California Accident & Injury Laws

Like other states, courts in California handle almost all lawsuits and civil cases including injury and accident claims.  California injury law covers claims for medical and professional malpractice, product liability, motor vehicle accidents, slip and fall type accidents and other matters like assault and battery.  Accident and Injury laws are similar in states, but each state can have different statutes of limitations, limits on the amounts of settlements for certain claims and other types of regulations.

California, like some other states, has a tort system for insurance claims which requires that a driver seeking compensation must show fault on the part of the other driver if he or she wants their claim to be successful.

In California, if your case goes to trial, the judge or jury will calculate percentages of fault for each driver, and reduce each driver’s liability accordingly. For example, if a driver suffers $50,000 in damages, but is found to be 10 percent at fault, his recovery will be reduced to 90% of his damages — here, $45,000.

Below, are some links to California’s car accident compensation laws, including time limits, limits on damages.

Statute of Limitations • 2 years for personal injury lawsuits (Cal. Code of Civ. Proc. § 335.1)

• 3 years for property damage lawsuits (Cal. Code of Civ. Proc. § 338).

• 6 months for claims involving a government agency (Cal. Gov’t Code § 911.2)

Limits on Damages No non-economic damages for uninsured drivers (Prop. 213, codified at Cal. Code of Civ. Proc. § 3333.4)
Other Limits Medical Malpractice non-economic damages limited to $250,000 (Cal. Code of Civ. Proc. § 3332)

Contacting an experienced personal injury lawyer is an important step if you’ve been injured in a California accident.

  • Car / Auto Accident Lawyers
  • Motorcycle Accident Lawyers
  • Commercial Truck Accident Lawyers
  • Uber / Lyft Accident Lawyers
  • Pedestrian Accident Lawyers
  • Bicycle Accident Lawyers
  • Slip and Fall Lawyers
  • Wrongful Death

What To Do After An Accident

If you are involved in an auto, truck, or motorcycle accident, there are things you should do to protect yourself and your legal interests. Below are some general guides of what to do after an accident:

  • STOP.  Never leave the scene of an accident, even if it seems minor at the time.
  • THINK SAFETY. Try to make the scene of the accident as safe as possible by moving vehicles off the road if they are blocking traffic and can be moved, set up flares, cones or other items to alert oncoming traffic of the accident.
  • NOTIFY THE POLICE. Most states require that the police be called to the scene of the accident if damages are over a certain dollar amount.  However, it can be a good idea to contact the police after an accident so that you can have a police report of the accident for insurance purposes and filing a claim.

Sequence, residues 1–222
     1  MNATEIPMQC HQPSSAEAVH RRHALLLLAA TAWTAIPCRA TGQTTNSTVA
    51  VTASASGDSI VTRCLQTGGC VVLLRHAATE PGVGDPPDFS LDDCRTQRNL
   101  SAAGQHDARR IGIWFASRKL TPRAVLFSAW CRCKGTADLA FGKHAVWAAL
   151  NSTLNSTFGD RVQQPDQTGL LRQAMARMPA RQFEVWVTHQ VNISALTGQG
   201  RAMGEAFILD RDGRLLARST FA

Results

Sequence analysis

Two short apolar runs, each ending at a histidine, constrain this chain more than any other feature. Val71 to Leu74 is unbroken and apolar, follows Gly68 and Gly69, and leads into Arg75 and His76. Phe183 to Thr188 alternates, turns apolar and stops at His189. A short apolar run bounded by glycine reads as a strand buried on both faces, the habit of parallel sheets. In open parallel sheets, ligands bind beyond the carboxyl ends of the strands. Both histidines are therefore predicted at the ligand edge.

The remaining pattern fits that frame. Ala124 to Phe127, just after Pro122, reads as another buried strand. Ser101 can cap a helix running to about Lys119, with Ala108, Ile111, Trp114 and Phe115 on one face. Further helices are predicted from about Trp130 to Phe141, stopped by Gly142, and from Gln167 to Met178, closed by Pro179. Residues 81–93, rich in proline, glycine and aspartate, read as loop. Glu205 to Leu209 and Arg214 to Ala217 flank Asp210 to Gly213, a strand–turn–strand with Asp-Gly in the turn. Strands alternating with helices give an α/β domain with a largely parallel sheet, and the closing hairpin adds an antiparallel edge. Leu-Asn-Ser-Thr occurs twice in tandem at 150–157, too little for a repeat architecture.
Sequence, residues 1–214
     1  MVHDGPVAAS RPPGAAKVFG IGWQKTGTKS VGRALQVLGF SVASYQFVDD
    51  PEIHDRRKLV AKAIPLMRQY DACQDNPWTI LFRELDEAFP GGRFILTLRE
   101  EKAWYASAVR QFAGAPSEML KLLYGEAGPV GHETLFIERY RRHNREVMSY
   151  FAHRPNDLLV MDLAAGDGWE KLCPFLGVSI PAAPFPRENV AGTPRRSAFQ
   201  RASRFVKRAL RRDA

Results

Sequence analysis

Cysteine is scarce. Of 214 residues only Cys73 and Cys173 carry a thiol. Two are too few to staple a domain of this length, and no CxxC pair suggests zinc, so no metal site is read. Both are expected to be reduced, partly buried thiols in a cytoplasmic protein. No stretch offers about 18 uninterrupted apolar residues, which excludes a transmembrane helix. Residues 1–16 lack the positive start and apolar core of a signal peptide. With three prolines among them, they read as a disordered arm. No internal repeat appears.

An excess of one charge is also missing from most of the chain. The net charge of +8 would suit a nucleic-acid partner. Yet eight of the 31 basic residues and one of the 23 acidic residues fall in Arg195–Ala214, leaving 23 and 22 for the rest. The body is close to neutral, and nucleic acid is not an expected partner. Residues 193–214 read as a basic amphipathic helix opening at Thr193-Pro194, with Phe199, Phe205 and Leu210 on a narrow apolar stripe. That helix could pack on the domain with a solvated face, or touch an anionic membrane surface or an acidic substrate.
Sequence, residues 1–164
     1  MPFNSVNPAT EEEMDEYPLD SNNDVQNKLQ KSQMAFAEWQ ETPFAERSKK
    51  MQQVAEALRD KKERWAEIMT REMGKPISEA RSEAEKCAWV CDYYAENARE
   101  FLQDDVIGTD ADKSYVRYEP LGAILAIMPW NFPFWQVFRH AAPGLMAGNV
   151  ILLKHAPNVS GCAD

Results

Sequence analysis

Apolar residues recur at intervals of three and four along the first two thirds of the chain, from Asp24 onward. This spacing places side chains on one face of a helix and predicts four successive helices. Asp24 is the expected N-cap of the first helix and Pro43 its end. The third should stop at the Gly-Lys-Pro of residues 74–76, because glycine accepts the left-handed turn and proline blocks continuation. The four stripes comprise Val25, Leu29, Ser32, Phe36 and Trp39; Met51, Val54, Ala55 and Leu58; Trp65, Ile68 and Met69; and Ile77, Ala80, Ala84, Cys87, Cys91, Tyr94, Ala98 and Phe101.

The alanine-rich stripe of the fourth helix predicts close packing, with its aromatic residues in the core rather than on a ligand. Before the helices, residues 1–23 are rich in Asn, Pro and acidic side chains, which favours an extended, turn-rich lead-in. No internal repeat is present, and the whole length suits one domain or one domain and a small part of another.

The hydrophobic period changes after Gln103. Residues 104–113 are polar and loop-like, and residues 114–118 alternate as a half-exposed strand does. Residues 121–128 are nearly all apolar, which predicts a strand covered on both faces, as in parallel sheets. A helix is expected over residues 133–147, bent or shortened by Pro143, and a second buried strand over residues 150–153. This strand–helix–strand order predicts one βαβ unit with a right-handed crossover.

• MAKE NOTES. If possible take accurate notes of how the accident happened while the accident is fresh in your mind. Make sure that you tell the police exactly what happened, don’t exaggerate or guess as to what happened, just tell the truth as you remember it.  Get the names and contact information of any witnesses that may have seen exactly what happened.
  • TAKE PHOTOS. If possible take as many photos as you can to document the area of the accident including skid marks, roadways, and the overall scene of the accident.
  • EXCHANGE PERSONAL INFORMATION. Be sure to exchange your personal information as well as insurance information with anyone involved in the accident.
  • NOTIFY YOUR INSURANCE COMPANY.  Contact your insurance company as soon as possible so that they have a record of the accident and can start your claim.
  • CONTACT A MEDICAL OFFICE.  You should seek out medical treatment even if you don’t think you suffered any injuries.  Often times, injuries do not present themselves immediately and you may not notice you’ve suffered an injury.  After accidents, many people seek out chiropractors, physical therapists and other doctors for treatment.
  • START AN ACCIDENT FILE. Keep all records associated with your accident so that you can easily find documents when necessary.
  • TALK TO A LAWYER. After an injury accident, you should contact a personal injury attorney to ensure your legal rights are protected.

What is a Disc Herniation?

So what exactly is a disc herniation?

A disc herniation is sometimes referred to as a “disc bulge”, “disc protrusion”, “blown disc”, or “slipped disc”.  A disc herniation is an injury in which the soft center of a spinal disc (the nucleus) pushes through a crack in the outer lining.

How do disc herniations happen?

Disc herniation injuries are often a result of trauma.  For example, a car accident, a slip and fall, or a sports injury often result in disc herniations.

What are my treatment options after a disc herniation?

The answer to this depends on several factors:

  • size of the disc herniation
  • location
  • “internal architecture” of your spine
  • personal preferences

Options range from non-invasive, conservative approaches to more invasive methods such as epidural steroid injections or even surgery. The larger and more severe the injury, the more aggressive the treatment recommendations are.

In some cases, the pain from a disc injury can resolve on its own.  More often than not, options may include a combination of chiropractic, physical therapy, ice and heat, cold laser therapy, and corrective exercises.